Should retailers ask workers to return to their offices?
LVMH is instructing Tiffany’s corporate staff to return to offices two days a week beginning at the start of March. The decision comes as the arrival of vaccines has corporations exploring when, how and whether to bring office workers back.
LVMH acquired Tiffany on Jan. 7 and believes in-office workers will speed the merger’s transition and support a collaborative culture, according to The Wall Street Journal.
On Monday, the San Francisco Chronicle reported Gap Inc. is consolidating Old Navy’s Mission Bay offices into the parent’s headquarters along the Embarcadero. The move supports “flexibility” for staff amid the shift to remote work due to the pandemic.
On Tuesday, Salesforce announced that it is giving employees three work options. Some who don’t require an office will work remotely full-time. “Flex” workers will work in the office up to three days a week to support collaboration, customer meetings and presentations. The smallest portion will work in a location four to five days per week if their roles require it.
Another Journal report, published yesterday, said Qurate Retail, the parent of QVC and HSN, recently shifted its planned May return to offices to September at the earliest due to a slower-than-hoped vaccine rollout.
Post-pandemic surveys show the majority of employees are seeking more options to support work/life balance. Many claim the transition has been easy and they’ve been more productive due to fewer distractions.
Eliminating office space would save money for corporations, although it’s still debatable whether traditional office benefits of fostering collaboration, mentoring and evaluating employees for promotions can be accomplished to the same degree virtually.
A Pew survey taken in October found 65 percent of workers new to teleworking due to the pandemic feel less connected to their coworkers. Among more seasoned teleworkers, only 27 percent felt that way. Younger teleworkers were found to be more likely to say they’ve had a hard time feeling motivated to do their work and parents with young children had a harder time getting work done at home.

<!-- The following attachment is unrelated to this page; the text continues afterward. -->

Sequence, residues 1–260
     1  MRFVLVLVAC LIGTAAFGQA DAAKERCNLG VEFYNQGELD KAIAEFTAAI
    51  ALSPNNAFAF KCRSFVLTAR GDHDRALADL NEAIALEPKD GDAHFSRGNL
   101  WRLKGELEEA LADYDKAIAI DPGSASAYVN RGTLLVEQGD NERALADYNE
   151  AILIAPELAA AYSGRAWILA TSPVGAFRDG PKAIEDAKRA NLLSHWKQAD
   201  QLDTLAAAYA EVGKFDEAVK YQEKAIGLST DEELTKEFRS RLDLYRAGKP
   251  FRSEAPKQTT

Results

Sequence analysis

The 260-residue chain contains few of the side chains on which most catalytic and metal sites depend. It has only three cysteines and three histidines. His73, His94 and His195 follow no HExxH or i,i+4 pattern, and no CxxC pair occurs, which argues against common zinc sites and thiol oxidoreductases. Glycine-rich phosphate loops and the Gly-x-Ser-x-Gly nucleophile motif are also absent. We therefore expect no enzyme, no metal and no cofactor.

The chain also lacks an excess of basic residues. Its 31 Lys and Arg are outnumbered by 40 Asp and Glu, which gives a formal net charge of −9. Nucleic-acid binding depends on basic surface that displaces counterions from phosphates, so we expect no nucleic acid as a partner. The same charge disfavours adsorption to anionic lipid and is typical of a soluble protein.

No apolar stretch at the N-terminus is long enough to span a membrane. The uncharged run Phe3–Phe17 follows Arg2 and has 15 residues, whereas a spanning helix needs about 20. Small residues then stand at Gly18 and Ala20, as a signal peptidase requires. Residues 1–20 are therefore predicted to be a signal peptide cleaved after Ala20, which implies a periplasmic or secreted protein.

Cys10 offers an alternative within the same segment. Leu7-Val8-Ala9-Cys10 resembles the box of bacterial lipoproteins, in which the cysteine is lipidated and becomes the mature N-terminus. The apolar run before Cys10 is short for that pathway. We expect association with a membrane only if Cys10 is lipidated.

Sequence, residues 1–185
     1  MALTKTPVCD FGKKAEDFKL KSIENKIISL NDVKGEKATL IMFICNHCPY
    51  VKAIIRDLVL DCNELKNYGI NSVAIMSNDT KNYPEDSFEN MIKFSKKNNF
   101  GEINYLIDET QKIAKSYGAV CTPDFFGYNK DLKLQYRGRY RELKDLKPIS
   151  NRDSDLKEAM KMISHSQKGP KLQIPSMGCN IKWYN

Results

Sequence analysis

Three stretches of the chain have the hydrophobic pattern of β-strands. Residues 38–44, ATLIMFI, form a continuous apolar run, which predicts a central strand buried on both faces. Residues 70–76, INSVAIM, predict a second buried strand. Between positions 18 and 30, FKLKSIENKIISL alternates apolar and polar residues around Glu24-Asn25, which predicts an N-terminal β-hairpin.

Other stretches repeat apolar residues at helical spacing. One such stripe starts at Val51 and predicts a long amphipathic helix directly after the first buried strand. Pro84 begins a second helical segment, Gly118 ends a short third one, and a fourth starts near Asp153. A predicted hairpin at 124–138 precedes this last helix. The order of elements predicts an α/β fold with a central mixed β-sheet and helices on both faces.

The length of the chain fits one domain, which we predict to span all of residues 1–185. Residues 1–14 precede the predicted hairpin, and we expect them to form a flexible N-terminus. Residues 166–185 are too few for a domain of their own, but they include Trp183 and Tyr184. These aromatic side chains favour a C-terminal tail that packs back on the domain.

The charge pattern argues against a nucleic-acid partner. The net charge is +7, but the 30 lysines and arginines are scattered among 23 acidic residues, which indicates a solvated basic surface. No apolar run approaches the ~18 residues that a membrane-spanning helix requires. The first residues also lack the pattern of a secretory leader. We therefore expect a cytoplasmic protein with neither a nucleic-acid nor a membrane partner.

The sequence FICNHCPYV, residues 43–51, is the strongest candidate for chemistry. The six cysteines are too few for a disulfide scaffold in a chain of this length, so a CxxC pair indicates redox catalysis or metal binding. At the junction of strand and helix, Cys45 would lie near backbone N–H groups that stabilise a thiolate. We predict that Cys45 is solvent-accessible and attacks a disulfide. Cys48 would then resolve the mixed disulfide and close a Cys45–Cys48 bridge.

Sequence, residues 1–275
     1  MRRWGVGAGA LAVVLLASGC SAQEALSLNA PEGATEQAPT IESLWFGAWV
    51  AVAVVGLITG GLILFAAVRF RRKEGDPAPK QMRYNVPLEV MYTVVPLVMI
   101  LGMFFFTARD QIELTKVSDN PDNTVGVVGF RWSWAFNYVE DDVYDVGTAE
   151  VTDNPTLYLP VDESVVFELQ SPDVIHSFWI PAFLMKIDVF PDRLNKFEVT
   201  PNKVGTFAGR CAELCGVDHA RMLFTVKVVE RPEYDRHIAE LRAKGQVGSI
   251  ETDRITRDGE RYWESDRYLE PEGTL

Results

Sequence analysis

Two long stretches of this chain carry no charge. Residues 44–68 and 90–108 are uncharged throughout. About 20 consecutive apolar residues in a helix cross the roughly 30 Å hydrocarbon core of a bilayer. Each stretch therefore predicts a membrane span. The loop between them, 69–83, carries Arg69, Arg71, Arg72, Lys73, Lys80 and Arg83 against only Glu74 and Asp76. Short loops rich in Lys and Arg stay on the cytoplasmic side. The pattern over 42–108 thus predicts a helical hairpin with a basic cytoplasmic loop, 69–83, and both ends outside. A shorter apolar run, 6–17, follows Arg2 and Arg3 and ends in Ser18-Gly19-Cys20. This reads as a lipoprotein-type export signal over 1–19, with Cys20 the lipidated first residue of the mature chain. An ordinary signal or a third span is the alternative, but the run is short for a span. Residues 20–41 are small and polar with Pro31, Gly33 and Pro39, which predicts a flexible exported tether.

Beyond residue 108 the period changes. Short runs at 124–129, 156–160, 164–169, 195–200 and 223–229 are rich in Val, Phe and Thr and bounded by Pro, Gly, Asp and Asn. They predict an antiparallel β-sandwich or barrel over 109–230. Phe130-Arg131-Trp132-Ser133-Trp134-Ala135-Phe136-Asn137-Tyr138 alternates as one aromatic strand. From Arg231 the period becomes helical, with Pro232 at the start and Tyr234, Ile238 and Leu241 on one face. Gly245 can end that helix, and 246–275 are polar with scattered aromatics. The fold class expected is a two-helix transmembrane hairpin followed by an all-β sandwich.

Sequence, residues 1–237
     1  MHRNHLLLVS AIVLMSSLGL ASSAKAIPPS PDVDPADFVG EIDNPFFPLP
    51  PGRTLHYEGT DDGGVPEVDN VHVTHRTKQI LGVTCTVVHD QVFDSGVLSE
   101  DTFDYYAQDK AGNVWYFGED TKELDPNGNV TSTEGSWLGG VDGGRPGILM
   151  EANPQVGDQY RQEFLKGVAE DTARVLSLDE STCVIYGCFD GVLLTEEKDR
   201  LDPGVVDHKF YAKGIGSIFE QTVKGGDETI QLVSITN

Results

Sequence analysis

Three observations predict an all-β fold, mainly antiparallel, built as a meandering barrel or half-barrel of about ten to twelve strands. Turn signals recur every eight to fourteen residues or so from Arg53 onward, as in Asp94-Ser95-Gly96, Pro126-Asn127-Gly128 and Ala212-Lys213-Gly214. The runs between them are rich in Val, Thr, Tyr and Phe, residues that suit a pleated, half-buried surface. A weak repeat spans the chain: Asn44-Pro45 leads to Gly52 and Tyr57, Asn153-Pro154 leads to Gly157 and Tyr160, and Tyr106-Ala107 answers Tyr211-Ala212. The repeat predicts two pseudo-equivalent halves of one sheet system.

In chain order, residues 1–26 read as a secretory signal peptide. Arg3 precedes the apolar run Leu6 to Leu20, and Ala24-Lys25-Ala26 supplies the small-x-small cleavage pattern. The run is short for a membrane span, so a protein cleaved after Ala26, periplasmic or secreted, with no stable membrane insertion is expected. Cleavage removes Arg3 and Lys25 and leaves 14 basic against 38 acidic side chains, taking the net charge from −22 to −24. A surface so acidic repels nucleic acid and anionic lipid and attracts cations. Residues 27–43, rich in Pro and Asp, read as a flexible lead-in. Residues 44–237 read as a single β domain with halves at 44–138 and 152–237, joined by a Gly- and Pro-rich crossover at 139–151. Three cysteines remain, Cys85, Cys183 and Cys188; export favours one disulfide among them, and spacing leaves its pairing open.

Cushman & Wakefield research found that, although many survey results indicate that people want to work from home for half of their working time or longer, the sentiment is expected to reverse once the pandemic is over as FOMO (fear of missing out) leads many to believe their careers are being hampered by fewer in-person interactions.
- LVMH Tells Tiffany Staff to Return to Office Two Days a Week – The Wall Street Journal
- LVMH completes the acquisition of Tiffany & Co. – LVMH
- Old Navy to shut San Francisco headquarters, move in with Gap – San Francisco Chronicle
- Creating a Best Workplace from Anywhere, for Everyone – Salesforce
- How the Coronavirus Outbreak Has – and Hasn’t – Changed the Way Americans Work – Pew Research
- Cushman & Wakefield highlights office market trends: hybrid work, flexible spaces and redesigns – Executive Magazine
- Kastle Access Control Data Shows Occupancy Rates On the Rise Nationwide – Kastle
- COVID-19 vaccines move back-to-the-office plans closer to reality. Here are some key challenges for 2021. – Chicago Tribune
- Dreading or dreaming of a return to the office in 2021 – The Washington Post
- Nearly 30% of working professionals would quit if they had to return to office after pandemic – USA Today
- Is Remote Work Here to Stay? [2021 Study] – Live Career
- It’s time to reimagine where and how work will get done – PWC
- Another Remote-Work Year Looms as Office-Reopening Plans Are Delayed – The Wall Street Journal
DISCUSSION QUESTIONS: Do you see most corporate workers returning to offices as the pandemic eases, continuing to work remotely or shifting to a hybrid set-up? What might retail’s corporate staff lose with a strong shift to remote working following the pandemic?